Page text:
Cyberspace: China Launches Attack in America’s Latest Battleground
“We Americans think of military doctrine and ‘domains’ — land, sea, air, space. As part of our military thought, we now think of cyber as a domain,” said former NSA and CIA director Michael Hayden nearly two months ago in an interview with Spiegel. His interview proved portentous as Monday saw the U.S. Justice Department accuse Chinese military of cyber espionage against the U.S. economy via attacks on American companies. Months ago, Hayden discussed how America has been accused of militarizing cyberspace, and it own role in how the internet is changing.
“Around the time U.S. Cyber Command was created, McAfee did a survey of cyber security experts around the world. One of the questions they asked of them was, ‘Who do you fear most in cyberspace?’ The answer for the Americans was the Chinese. With the plurality of people around the world, it was the Americans,” said Hayden. “Nations conduct espionage. Mine, too. We’re very good at it … The problem is that since the Snowden revelations we’re talking about American espionage, British espionage, and Australian espionage, but not about Chinese or Russian espionage.”
Hayden is right to point out the Edward Snowden/NSA scandal’s new emphasis on the balance between free internet, security, and surveillance. Americans have been speaking with more and more concern about online and technology related privacy issues, while the U.S. defense administration has been placing greater emphasis on international cyber threats. In January, Defense News conducted a United Technologies-backed poll of U.S. national security leadership. Nearly half of the 350 senior defense leader respondents named cyberwarfare as the most serious threat that the U.S. faces. That group tended to be more right leaning, 38.5 percent Republican versus 13.5 percent Democrat, and in military groups even more so, with 56.9 percent Republican to 7.7 percent Democrats. Both Independents and Republicans easily put terrorism behind cyberwarfare, while Democrats were more likely to pick climate change over terrorism, but cyberwarfare came before both for the greatest number.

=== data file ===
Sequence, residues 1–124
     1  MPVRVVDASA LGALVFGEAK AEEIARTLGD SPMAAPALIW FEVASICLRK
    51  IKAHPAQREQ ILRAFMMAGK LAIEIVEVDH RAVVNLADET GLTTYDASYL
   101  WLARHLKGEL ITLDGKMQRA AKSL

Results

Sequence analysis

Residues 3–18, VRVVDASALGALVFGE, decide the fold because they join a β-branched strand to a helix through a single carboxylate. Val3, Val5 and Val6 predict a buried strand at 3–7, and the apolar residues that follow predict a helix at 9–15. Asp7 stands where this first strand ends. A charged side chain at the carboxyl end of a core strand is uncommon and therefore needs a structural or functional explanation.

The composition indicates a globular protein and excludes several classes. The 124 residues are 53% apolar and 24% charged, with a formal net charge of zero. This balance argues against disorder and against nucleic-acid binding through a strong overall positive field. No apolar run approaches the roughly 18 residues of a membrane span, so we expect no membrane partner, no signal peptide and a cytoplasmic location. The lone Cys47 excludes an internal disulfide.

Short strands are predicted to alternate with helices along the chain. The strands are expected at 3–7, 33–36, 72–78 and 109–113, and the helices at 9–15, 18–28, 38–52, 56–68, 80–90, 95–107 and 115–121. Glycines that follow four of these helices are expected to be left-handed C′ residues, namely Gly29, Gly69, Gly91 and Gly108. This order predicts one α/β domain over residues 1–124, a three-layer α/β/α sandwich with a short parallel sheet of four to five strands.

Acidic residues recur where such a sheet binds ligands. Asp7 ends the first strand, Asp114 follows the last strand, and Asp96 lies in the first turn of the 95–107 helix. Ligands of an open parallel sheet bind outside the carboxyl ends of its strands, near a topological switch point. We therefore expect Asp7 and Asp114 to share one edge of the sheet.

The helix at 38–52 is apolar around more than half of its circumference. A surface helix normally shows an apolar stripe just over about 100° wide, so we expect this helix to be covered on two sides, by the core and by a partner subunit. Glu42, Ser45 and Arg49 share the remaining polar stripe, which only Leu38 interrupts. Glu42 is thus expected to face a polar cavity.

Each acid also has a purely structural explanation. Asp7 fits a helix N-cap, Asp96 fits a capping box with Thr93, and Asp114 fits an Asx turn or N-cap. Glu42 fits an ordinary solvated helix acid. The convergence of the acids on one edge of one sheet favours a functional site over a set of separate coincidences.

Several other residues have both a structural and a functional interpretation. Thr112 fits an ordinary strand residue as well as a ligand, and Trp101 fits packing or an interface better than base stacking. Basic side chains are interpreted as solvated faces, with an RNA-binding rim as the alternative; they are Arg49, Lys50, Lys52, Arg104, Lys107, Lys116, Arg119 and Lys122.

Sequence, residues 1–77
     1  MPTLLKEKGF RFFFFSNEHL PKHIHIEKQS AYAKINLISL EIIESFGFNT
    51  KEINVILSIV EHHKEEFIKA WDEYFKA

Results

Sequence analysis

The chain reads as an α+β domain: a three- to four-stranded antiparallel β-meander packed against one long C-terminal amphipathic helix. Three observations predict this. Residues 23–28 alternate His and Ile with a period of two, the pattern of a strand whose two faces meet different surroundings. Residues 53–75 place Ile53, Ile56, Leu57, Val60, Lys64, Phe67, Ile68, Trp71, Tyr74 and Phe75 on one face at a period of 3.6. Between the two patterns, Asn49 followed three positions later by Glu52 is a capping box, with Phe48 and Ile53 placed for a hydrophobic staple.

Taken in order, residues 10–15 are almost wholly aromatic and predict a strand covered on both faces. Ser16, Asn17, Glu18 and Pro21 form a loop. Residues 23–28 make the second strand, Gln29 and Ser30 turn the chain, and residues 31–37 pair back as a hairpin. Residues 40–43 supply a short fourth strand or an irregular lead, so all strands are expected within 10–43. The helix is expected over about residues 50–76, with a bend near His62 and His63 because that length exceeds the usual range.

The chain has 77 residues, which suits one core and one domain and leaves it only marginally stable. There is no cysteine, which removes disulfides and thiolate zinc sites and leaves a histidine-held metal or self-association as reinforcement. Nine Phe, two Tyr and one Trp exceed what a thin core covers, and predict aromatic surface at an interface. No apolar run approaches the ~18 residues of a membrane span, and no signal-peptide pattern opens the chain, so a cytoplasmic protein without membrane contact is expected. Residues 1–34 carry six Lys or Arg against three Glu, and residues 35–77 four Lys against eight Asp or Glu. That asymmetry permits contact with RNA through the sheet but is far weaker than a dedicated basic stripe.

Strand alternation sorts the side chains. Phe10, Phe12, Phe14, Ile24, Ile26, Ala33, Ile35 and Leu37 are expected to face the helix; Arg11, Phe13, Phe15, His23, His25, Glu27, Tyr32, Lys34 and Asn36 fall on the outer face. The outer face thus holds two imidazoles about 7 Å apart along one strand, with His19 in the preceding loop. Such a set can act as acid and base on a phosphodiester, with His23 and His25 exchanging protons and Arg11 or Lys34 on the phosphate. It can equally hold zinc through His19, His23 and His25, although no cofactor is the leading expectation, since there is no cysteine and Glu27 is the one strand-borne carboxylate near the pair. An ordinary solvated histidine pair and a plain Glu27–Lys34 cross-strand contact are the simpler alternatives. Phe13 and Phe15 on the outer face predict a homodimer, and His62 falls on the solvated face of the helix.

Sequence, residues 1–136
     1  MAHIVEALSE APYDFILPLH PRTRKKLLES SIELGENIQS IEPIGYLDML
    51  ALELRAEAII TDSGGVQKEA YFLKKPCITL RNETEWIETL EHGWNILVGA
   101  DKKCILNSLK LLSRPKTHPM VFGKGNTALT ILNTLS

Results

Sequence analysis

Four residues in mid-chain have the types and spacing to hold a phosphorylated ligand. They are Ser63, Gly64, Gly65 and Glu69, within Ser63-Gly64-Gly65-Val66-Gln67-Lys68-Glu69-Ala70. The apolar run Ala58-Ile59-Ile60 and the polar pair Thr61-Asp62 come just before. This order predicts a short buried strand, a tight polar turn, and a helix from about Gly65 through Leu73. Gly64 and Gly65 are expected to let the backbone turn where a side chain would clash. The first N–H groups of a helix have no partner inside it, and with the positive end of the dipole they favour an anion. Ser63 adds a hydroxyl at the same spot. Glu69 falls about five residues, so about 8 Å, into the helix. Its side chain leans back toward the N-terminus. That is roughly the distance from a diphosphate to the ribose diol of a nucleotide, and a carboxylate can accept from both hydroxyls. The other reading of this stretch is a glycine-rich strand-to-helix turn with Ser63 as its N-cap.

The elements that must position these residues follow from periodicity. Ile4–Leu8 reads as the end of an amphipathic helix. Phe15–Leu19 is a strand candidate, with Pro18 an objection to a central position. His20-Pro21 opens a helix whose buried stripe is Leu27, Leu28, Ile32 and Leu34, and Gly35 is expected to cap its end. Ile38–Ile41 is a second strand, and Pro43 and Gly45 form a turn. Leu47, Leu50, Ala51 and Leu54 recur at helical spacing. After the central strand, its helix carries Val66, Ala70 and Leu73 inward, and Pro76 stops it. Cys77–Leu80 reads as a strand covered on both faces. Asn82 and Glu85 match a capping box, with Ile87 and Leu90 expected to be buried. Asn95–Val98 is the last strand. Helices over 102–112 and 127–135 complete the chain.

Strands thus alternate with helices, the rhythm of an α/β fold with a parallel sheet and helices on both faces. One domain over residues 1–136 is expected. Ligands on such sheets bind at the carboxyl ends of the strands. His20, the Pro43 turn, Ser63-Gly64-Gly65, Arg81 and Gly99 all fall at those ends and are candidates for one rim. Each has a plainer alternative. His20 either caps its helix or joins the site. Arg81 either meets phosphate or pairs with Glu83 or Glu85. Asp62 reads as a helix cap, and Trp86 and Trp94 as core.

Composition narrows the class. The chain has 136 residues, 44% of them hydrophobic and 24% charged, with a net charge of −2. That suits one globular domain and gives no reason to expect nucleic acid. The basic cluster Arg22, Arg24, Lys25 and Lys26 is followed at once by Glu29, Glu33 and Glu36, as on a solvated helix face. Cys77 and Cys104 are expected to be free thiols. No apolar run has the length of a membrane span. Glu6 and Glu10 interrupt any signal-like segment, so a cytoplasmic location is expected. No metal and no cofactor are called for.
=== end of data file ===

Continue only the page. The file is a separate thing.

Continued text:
The dangers of cyber espionage are hardly arguable and certainly not unknown, but the recent economic attack from China has refocused attention on the need for defense as well as privacy. Five members of the Chinese military are being accused of targeting American companies including aluminum corporation Alcoa, U.S. Steel, the U.S. Steelworkers Union, Westinghouse, a nuclear energy and electricity company, Allegheny Technologies Inc., and SolarWorld. The perpetrators stole information such as intellectual property, blueprints that could be used to cut research and development costs for competing companies, business plans, pricing, and agreements.
U.S. Attorney General Eric Holder spoke at a press conference in Washington D.C. on the charges being made, the first ones ever made against “known state actors for infiltrating U.S. commercial targets by cyber means.” While Hayden admitted that the U.S. participates in international espionage, Holder emphasized that the economic nature of the attack made it reprehensible beyond other activity. “The alleged hacking appears to have been conducted for no reason other than to advantage state-owned companies and other interests in China, at the expense of business here in the United States,” said Holder. “This is a tactic that the U.S. government categorically denounces. As President Obama has said on numerous occasions, we do not collect intelligence to provide a competitive advantage to U.S. companies, or U.S. Commercial sectors.”
Ultimately, he made clear just what hinges upon national security in cyberspace — the U.S. economy. “Our economic security and our ability to compete fairly in the global marketplace are directly linked to our national security,” said Holder. China’s Foreign Ministry was anything but apologetic in response, however, claiming that the U.S. is spreading falsehoods and has made cyber attacks against china in its turn.
“The Chinese government, the Chinese military and their relevant personnel have never engaged or participated in cyber theft of trade secrets. The U.S. accusation against Chinese personnel is purely ungrounded with ulterior motives,” said Qin Gang, Foreign Ministry spokesperson. “This U.S. move, which is based on deliberately fabricated facts, grossly vioaltes the basic norms governing international relations and jeopardizes China-U.S. cooperation and mutual trust,” said Gang, noting that China immediately had protested the indictment and requesting that they withdraw it. Gang also claimed that the U.S. had taken committed “cyber theft, wiretapping and surveillance activities … cyber intrusion” as well as “wiretapping and surveillance activities against Chinese government departments, institutions, companies, universities, and individuals.”
The confrontation is only the latest in Cyber threats, but offers a clear demonstration of possible interests that could be affected through such means, and the extent of the damage conductible, clarifying why so many in the defense administration consider it a threat greater than terrorism at present. The accusations against the U.S.’s are made that much more salient though, in light of recent privacy oversteps by the U.S. intelligence community.
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Follow Anthea Mitchell on Twitter @AntheaWSCS